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Simple and contrived example:

C# desktop application talks to SQL Server database. All orders exist in Orders table.

Application views, creates and amends orders. In this example a user can only amend their own orders.


Storage of connection string if using dedicated sql credentials. Even if user credentials are used, application security could be bypassed by connecting directly through Excel or Access.


Provide access to SQL through web service/middleware only. Good, but not necessarily viable in this case.

Encrypt connection string in application somewhere. Not hugely secure, security through obscurity.

Secure database by granting access to specific stored procedures, views, etc and no access to actual tables. SP's and views take into account the user's rights/credentials. Pretty awful. Ok for simple examples (Select where user , becomes complicated once you introduce users in different groups, manager relationships, etc.


How would you approach this?


share|improve this question
Remember to sanatize your data inputs: – Daniel Dyson Dec 6 '11 at 9:09
up vote 5 down vote accepted

Even if user credentials are used, application security could be bypassed by connecting directly through Excel or Access

what do you mean? you should not allow users to connect to SQL Server directly or with Excel or Access. They should NOT know the sa or other password.

After this, surely you could encrypt some sections of your app,config so that nobody can see its content.

I would really have the logic that a user can only modify his/her own Orders at the application level. Could be done also in the stored procedures I guess but it depends and more details should be known about this to suggest the best or most appropriate approach.

share|improve this answer
I agree, but if they got hold of the credentials, or if they were set up to have access granted by their NT credentials, they could get access. – Ian Oct 26 '11 at 14:23
I think this is the path that makes the most sense to me. The application uses SQL auth (connection string in web.config) and access is only available through some DAL which filters results based on the UserID. Is there some unnecessary vulnerability there? – nycdan Oct 26 '11 at 14:39
Hi nycdan, yes, if the user gets access to the unencrypted connection string they can connect to the database and do anything that that account has rights to do. If the connection is via integrated security, they just need the server name. It won't be a web.config as it's not a web app, so the config file exists on the local machine. Encryption will help with this I guess if we don't use integrated. – Ian Oct 26 '11 at 20:12

Use windows authentication instead of sql authentication.

To allow users to see only their data you can create view and filter data based on the currently logged in user by using SYSTEM_USER to get the data for the current user only and deny select permission on the table itself.

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Yeah this I wanted to suggest as well but I think the problem for him is that in this case a user can connect with Access or other tool and modify orders not related to himself. If I have got the question right of course... – Davide Piras Oct 26 '11 at 12:37
That's is Davide. If we grant them NT rights, they could theoretically just open a connection in Excel or Access and read (and possibly write) any old data they wish. – Ian Oct 26 '11 at 14:24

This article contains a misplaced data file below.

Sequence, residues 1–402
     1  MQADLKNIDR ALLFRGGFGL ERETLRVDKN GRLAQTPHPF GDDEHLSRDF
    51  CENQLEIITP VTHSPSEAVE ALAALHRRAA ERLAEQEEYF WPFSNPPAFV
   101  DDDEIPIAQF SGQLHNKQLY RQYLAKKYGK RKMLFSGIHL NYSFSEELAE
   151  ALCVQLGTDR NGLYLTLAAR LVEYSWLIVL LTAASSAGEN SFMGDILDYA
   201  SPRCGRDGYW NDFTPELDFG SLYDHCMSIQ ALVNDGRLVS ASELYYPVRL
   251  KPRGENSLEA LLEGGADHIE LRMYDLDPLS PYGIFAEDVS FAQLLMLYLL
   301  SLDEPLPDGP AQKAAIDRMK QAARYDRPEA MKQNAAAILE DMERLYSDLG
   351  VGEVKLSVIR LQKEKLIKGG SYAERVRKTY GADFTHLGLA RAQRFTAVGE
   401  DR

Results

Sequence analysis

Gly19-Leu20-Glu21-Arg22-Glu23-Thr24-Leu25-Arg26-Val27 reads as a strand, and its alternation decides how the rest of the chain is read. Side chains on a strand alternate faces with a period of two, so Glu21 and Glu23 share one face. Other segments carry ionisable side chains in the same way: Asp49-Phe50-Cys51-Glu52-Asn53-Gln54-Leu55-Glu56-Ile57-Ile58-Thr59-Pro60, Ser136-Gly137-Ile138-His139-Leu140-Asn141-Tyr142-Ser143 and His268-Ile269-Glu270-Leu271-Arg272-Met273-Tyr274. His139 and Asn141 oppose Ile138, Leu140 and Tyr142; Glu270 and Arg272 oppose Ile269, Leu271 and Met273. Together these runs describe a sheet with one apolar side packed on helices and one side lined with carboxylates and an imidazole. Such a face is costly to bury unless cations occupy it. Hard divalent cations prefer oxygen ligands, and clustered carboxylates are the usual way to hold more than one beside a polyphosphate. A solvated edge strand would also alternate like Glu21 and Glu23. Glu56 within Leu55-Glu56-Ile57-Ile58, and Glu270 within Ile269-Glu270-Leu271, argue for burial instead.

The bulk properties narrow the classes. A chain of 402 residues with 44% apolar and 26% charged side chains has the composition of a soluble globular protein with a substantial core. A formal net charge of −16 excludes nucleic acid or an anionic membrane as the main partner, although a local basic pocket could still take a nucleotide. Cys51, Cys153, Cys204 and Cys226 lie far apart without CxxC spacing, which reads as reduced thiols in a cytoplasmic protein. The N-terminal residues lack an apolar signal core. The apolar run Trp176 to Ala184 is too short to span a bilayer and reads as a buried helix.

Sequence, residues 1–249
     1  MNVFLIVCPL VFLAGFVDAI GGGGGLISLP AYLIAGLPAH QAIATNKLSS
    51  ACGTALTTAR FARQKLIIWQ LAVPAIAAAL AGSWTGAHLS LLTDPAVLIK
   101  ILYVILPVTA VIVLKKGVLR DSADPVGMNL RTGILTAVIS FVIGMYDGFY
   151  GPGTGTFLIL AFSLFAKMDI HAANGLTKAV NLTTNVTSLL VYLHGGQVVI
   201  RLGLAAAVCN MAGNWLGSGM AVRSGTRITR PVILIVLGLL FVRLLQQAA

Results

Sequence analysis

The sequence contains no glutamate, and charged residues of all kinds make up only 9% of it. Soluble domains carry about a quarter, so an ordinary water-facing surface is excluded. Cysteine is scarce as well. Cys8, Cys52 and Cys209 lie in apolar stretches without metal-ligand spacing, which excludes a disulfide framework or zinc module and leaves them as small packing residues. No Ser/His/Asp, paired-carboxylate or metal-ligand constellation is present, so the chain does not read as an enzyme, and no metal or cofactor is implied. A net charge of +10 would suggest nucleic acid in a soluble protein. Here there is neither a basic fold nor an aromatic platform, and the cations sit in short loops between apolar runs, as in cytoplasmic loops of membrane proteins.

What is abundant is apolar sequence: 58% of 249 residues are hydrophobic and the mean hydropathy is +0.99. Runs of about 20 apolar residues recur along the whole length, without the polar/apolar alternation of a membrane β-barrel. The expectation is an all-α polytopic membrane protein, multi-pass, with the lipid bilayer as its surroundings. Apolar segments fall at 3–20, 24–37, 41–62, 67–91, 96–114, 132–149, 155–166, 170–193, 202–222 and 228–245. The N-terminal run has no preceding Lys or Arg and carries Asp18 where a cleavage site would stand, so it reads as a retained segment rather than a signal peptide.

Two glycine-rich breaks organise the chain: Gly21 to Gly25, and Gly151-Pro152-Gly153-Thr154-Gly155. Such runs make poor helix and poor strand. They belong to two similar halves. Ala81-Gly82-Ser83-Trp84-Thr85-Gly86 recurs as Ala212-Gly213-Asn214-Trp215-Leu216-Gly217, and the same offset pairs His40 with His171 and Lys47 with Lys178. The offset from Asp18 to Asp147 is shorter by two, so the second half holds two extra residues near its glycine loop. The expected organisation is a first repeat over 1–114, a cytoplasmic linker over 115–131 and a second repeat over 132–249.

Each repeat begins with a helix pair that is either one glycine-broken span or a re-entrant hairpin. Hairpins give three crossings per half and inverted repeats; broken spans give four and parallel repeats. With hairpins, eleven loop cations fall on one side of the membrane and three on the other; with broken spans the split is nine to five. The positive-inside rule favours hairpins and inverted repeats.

@Ian: See updated answer. – Giorgi Oct 26 '11 at 14:31
Thanks Giorgi. One of the issues I have with this is sometimes a right to edit may be predicated on a user's group access as well. Now I can define those group relationships in sql as well, we actually may end up doing this anyway, but if we end up using, say ActiveDirectory for that things get more compliacated. – Ian Oct 26 '11 at 20:09

You can't do row level security in SQL Server (well you can, but it's not straightforward). So your only choice to be totally secure is to go through a data-layer which controls access. You can store your credentials encrypted, but that's not totally secure, as you say. It depends what you need.

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Just looking for how others have approached this. Usually I'd go for a service tier, but in this case it's a monolithic application accessing the database directly from the desktop. – Ian Oct 26 '11 at 14:26

Well in our application we handle we store the connection string encrypted in a file. So the user has no direct access to this file. We also use sql connection only to our database and grant the user for this only.

If you use Windows Credentials to access it and want to prevent any manipulation you can disallow write access to table. For reading the data you can build queries or access the tables.

For writing/adding/manipulating data you can create stored procedures. One of the parameter is the username. Inside the procedure you build your bussiness logic, impersonate to a user that has write access to finally write/update the data. There you have your "layer" inside the SQL server. But I wouldnt suggest to go this way :) It is possible but to many business logic inside the database imho. So the safest way is to find a good encryption class in your language, use sql auth only and store those data inside your code.

share|improve this answer
Thanks, that's really appreciated. I agree completely, I hate having that "layer" in sql server itself, it feels so late 90's :) – Ian Oct 26 '11 at 20:05

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